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Helping Children Learn to Self-Regulate to Improve Behavior
By Abby Jo Robertson, Intern & Christina Pay, Extension Assistant Professor
In today's society, there are thousands upon thousands of different resources available for parents on how to help their children, and to be honest, it can be kind of overwhelming. Parents may feel a great deal of pressure to raise the future generation, and to help shape them to be the best they can be (Litisa, 2012). Parents are given overwhelming amounts of information that is just simply not true or relevant to their children, including information about their emotions.
Washington State’s Psychology Researcher, John Gottman, researched the idea of “good parenting,” and eventually concluded that good parenting begins with the idea of Emotion Coaching. According to Gottman, “the ultimate goal of raising children should not be simply to have an obedient and compliant child...the secret to being an emotionally intelligent parent lies in how parents interact with their children when emotions run hot,” (Knott, 2016).
Emotion Coaching is a five step method to help parents learn about their child’s range of emotions. With proper emotion coaching, children learn to form stronger friendships with other children, calm themselves more quickly, do better in school, handle their moods better, and get sick less often, (Knott, 2016). The Emotion Coaching process is broken down into five steps, which are:
1. Be Aware of Emotions - It is important to understand that emotions are a natural and valuable part of life, (Knott, 2016). Parents need to tune into their children's feelings, as well as their own. It is also important to note that when it’s appropriate,parents should also share their emotions with their children.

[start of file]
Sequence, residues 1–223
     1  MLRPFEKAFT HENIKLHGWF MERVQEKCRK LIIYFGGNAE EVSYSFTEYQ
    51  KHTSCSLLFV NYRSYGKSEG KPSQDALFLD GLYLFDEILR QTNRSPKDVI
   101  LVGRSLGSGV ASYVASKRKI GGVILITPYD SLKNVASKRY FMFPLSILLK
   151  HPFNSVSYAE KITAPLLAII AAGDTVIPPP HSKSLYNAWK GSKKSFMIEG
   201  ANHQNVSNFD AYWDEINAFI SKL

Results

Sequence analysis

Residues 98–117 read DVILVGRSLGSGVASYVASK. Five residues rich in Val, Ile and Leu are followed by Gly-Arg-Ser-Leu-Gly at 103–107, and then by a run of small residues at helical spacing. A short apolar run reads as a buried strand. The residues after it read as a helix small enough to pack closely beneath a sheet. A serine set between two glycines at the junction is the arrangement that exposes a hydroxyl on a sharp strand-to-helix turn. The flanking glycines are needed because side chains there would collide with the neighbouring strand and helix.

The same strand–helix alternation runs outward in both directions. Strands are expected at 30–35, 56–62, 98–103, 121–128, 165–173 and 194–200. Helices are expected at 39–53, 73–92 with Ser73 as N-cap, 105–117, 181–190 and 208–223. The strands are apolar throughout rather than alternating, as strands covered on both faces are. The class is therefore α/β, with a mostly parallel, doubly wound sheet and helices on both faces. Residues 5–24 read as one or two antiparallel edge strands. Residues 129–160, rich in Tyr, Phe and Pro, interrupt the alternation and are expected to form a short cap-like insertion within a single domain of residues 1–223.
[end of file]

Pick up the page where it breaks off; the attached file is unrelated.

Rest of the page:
2. Connect with Your Child - Emotional moments are the perfect opportunities to connect with your children. As parents we must always remember to take our children’s emotions seriously, and to be willing to understand things from their perspective. We should always encourage our children to talk about their feelings! (Knott, 2016).
3. Listen to Your child - The best way to show our children that we care and respect their feelings is by taking the time to listen to them. As parents, we should also try to not judge or criticize their emotions if they are different from what we expected them to be. We should also take the time to understand their emotions before we try and give them advice.
4. Name Emotions - Helping our children identify and name their emotions is an easy way to help them understand exactly what they are feeling. As parents, we should also name our own emotions and talk about them with our children.
5. Find Good Solutions - Exploring solutions to problems with our children when they misbehave helps them identify their feelings and explain their behavior. The ability to explain their behavior encourages them to change and think of better ways to react. It is important to remember that we should encourage emotional expression, but also set limits on behavior so that things don’t get out of hand.
- Gottman, J., & DeClaire, J. (1998). Raising an emotionally intelligent child: The heart of parenting. Fireside, Simon & Schuster.
- Knott, G. (2016, August 11). 5 Steps of Emotion Coaching to Help Child Development . Word on the Streets.https://www.wordonthestreets.net/Articles/482271/5_steps_of.aspx.
- Lisitsa, E. (2020, November 3). An Introduction to Emotion Coaching. The Gottman Institute.https://www.gottman.com/blog/an-introduction-to-emotion-coaching/